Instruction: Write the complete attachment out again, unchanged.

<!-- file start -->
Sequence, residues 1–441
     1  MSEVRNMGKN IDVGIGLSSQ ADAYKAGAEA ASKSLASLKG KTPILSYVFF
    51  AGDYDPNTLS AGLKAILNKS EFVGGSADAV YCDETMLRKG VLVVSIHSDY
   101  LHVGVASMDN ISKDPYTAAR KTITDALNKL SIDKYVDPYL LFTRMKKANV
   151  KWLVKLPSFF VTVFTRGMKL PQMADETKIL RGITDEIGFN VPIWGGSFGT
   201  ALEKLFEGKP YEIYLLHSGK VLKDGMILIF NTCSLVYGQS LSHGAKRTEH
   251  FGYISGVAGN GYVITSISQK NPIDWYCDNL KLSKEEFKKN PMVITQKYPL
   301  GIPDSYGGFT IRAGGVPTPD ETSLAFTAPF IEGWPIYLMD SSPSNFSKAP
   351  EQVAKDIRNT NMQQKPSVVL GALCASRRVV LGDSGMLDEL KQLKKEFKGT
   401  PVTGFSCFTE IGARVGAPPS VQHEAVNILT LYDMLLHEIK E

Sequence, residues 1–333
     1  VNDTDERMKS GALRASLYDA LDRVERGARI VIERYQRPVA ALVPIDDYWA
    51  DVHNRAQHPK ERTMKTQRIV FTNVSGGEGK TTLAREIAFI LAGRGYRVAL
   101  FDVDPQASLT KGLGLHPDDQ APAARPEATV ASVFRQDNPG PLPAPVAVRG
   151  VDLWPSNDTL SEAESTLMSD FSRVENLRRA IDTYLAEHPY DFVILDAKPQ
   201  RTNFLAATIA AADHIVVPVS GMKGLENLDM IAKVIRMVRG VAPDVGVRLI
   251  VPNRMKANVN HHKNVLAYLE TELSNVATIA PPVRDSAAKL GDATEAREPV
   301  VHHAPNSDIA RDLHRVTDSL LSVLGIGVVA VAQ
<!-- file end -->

Sequence, residues 1–441
     1  MSEVRNMGKN IDVGIGLSSQ ADAYKAGAEA ASKSLASLKG KTPILSYVFF
    51  AGDYDPNTLS AGLKAILNKS EFVGGSADAV YCDETMLRKG VLVVSIHSDY
   101  LHVGVASMDN ISKDPYTAAR KTITDALNKL SIDKYVDPYL LFTRMKKANV
   151  KWLVKLPSFF VTVFTRGMKL PQMADETKIL RGITDEIGFN VPIWGGSFGT
   201  ALEKLFEGKP YEIYLLHSGK VLKDGMILIF NTCSLVYGQS LSHGAKRTEH
   251  FGYISGVAGN GYVITSISQK NPIDWYCDNL KLSKEEFKKN PMVITQKYPL
   301  GIPDSYGGFT IRAGGVPTPD ETSLAFTAPF IEGWPIYLMD SSPSNFSKAP
   351  EQVAKDIRNT NMQQKPSVVL GALCASRRVV LGDSGMLDEL KQLKKEFKGT
   401  PVTGFSCFTE IGARVGAPPS VQHEAVNILT LYDMLLHEIK E

Sequence, residues 1–333
     1  VNDTDERMKS GALRASLYDA LDRVERGARI VIERYQRPVA ALVPIDDYWA
    51  DVHNRAQHPK ERTMKTQRIV FTNVSGGEGK TTLAREIAFI LAGRGYRVAL
   101  FDVDPQASLT KGLGLHPDDQ APAARPEATV ASVFRQDNPG PLPAPVAVRG
   151  VDLWPSNDTL SEAESTLMSD FSRVENLRRA IDTYLAEHPY DFVILDAKPQ
   201  RTNFLAATIA AADHIVVPVS GMKGLENLDM IAKVIRMVRG VAPDVGVRLI
   251  VPNRMKANVN HHKNVLAYLE TELSNVATIA PPVRDSAAKL GDATEAREPV
   301  VHHAPNSDIA RDLHRVTDSL LSVLGIGVVA VAQ